In Keynes’ vision, there is no tendency for the economy to self- correct. Left to itself, a market economy may never recover from a depression and the unemployment rate may remain too high forever. In contrast, in Samuelson’s neoclassical synthe­sis, unemployment causes money wages and prices to fall. As the money wage and the money price fall, aggregate demand rises and full employment is restored, even if government takes no corrective action. By slipping wage and price adjust­ment into his theory, Samuelson reintroduced classical ideas by the back door— a sleight of hand that did not go unnoticed by Keynes’ contemporaries in Cambridge, England. Famously, Joan Robinson referred to Samuelson’s approach as “bastard Keynesianism.”

The New Keynesian agenda is the child of the neoclassical synthesis and, like the IS- LM model before it, New Keynesian economics inherits the mistakes of the bastard Keynesians. It misses two key Keynesian concepts: (1) there are multiple equilibrium unemployment rates and (2) beliefs are funda­mental. My work brings these concepts back to center stage and integrates the Keynes of the General Theory with the mi­croeconomics of general equilibrium theory in a new way.

THE ECONOMIC CONSEQUENCES OF THE PEACE by JOHN MAYNARD KEYNES, C.B. Fellow of King’s College, Cambridge – Introduction. 

A warning for our times. 

The writer of this book was temporarily attached to the British Treasury during the Great War and was their official representative at the Paris Peace Conference up to June 7, 1919; he also sat as deputy for the Chancellor of the Exchequer on the Supreme Economic Council.

He resigned from these positions when it became evident that hope could no longer be entertained of substantial modification in the draft Terms of Peace.

The grounds of his objection to the Treaty, or rather to the whole policy of the Conference towards the economic problems of Europe, will appear in the following chapters.

They are entirely of a public character, and are based on facts known to the whole world.

J.M. Keynes. King’s College, Cambridge, November, 1919.



The power to become habituated to his surroundings is a marked characteristic of mankind. Very few of us realize with conviction the intensely unusual, unstable, complicated, unreliable, temporary nature of the economic organization by which Western Europe has lived for the last half century.
On this sandy and false foundation we scheme for social improvement and dress our political platforms, pursue our animosities and particular ambitions, and feel ourselves with enough margin in hand to foster, not assuage, civil conflict in the European family.

Moved by insane delusion and reckless self-regard, the German people overturned the foundations on which we all lived and built. But the spokesmen of the French and British peoples have run the risk of completing the ruin, which Germany began, by a Peace which, if it is carried into effect, must impair yet further, when it might have restored, the delicate, complicated organization, already shaken and broken by war, through which alone the European peoples can employ themselves and live.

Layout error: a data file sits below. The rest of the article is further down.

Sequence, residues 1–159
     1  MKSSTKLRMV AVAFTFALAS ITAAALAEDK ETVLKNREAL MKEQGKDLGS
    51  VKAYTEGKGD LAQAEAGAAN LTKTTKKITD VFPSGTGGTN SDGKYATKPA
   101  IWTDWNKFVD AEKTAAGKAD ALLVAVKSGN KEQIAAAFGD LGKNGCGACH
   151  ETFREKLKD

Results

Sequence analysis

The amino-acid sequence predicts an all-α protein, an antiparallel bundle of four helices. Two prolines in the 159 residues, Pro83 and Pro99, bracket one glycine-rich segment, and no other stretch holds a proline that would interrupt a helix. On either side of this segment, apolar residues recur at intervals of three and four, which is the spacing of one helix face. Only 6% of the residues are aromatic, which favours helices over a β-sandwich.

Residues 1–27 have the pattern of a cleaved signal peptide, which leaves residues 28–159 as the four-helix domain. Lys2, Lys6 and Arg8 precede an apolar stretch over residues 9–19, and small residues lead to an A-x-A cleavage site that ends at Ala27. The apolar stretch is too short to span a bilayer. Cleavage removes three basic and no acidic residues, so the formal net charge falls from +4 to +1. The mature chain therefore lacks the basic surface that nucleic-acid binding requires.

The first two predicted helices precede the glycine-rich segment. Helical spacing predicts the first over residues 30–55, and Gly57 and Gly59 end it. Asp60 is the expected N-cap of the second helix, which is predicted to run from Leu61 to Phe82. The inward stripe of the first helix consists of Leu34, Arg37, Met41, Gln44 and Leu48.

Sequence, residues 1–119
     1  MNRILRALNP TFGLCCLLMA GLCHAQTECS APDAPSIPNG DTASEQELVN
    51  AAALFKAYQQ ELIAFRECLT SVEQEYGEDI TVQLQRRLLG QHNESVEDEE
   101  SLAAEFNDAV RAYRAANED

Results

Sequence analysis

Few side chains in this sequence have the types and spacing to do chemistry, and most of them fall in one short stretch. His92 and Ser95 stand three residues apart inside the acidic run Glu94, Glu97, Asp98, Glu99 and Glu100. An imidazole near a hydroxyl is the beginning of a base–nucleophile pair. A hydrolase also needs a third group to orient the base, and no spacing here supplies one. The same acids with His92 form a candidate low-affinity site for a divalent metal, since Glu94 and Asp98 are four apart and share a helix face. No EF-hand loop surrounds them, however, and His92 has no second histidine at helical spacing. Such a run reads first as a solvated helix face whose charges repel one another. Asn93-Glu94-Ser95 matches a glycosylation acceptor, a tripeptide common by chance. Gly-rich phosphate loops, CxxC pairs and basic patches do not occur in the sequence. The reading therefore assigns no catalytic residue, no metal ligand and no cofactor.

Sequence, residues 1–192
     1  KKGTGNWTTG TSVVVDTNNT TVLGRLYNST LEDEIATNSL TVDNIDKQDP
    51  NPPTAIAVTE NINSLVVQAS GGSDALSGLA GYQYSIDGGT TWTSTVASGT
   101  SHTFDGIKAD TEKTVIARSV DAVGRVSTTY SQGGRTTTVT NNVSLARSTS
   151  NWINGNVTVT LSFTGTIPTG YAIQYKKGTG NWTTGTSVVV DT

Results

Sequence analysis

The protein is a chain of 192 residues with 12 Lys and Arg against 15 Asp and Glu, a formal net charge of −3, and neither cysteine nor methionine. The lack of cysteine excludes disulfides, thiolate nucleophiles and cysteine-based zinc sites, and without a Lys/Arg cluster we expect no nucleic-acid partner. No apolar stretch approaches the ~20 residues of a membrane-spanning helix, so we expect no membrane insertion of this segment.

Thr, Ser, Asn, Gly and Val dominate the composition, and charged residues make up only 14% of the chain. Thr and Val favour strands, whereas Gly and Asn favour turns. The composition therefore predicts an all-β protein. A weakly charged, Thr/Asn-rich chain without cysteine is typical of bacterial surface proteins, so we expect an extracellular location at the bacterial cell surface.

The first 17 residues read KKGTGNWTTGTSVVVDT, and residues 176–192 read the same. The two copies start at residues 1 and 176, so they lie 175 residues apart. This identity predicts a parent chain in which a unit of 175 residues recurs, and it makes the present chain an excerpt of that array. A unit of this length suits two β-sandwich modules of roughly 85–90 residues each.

Perhaps it is only in England and America that it is possible to be so unconscious.
In continental Europe the earth heaves and no one but is aware of the rumblings. There it is not just a matter of extravagance or “labor troubles”; but of life and death, of starvation and existence, and of the fearful convulsions of a dying civilization.

In this lies the destructive significance of the Peace of Paris.
If the European Civil War is to end with France and Italy abusing their momentary victorious power to destroy Germany and Austria-Hungary now prostrate, they invite their own destruction also, being so deeply and inextricably intertwined with their victims by hidden psychic and economic bonds.

The British people received the Treaty without reading it. But it is under the influence of Paris, not London, that this book has been written by one who, though an Englishman, feels himself a European also, and, because of too vivid recent experience, cannot disinterest himself from the further unfolding of the great historic drama of these days which will destroy great institutions, but may also create a new world.


1919 – Keynes predicts economic chaos

At the Palace of Versailles outside Paris, Germany signs the Treaty of Versailles with the Allies, officially ending World War I. The English economist John Maynard Keynes, who had attended the peace conference but then left in protest of the treaty, was one of the most outspoken critics of the punitive agreement. In his The Economic Consequences of the Peace, published in December 1919, Keynes predicted that the stiff war reparations and other harsh terms imposed on Germany by the treaty would lead to the financial collapse of the country, which in turn would have serious economic and political repercussions on Europe and the world.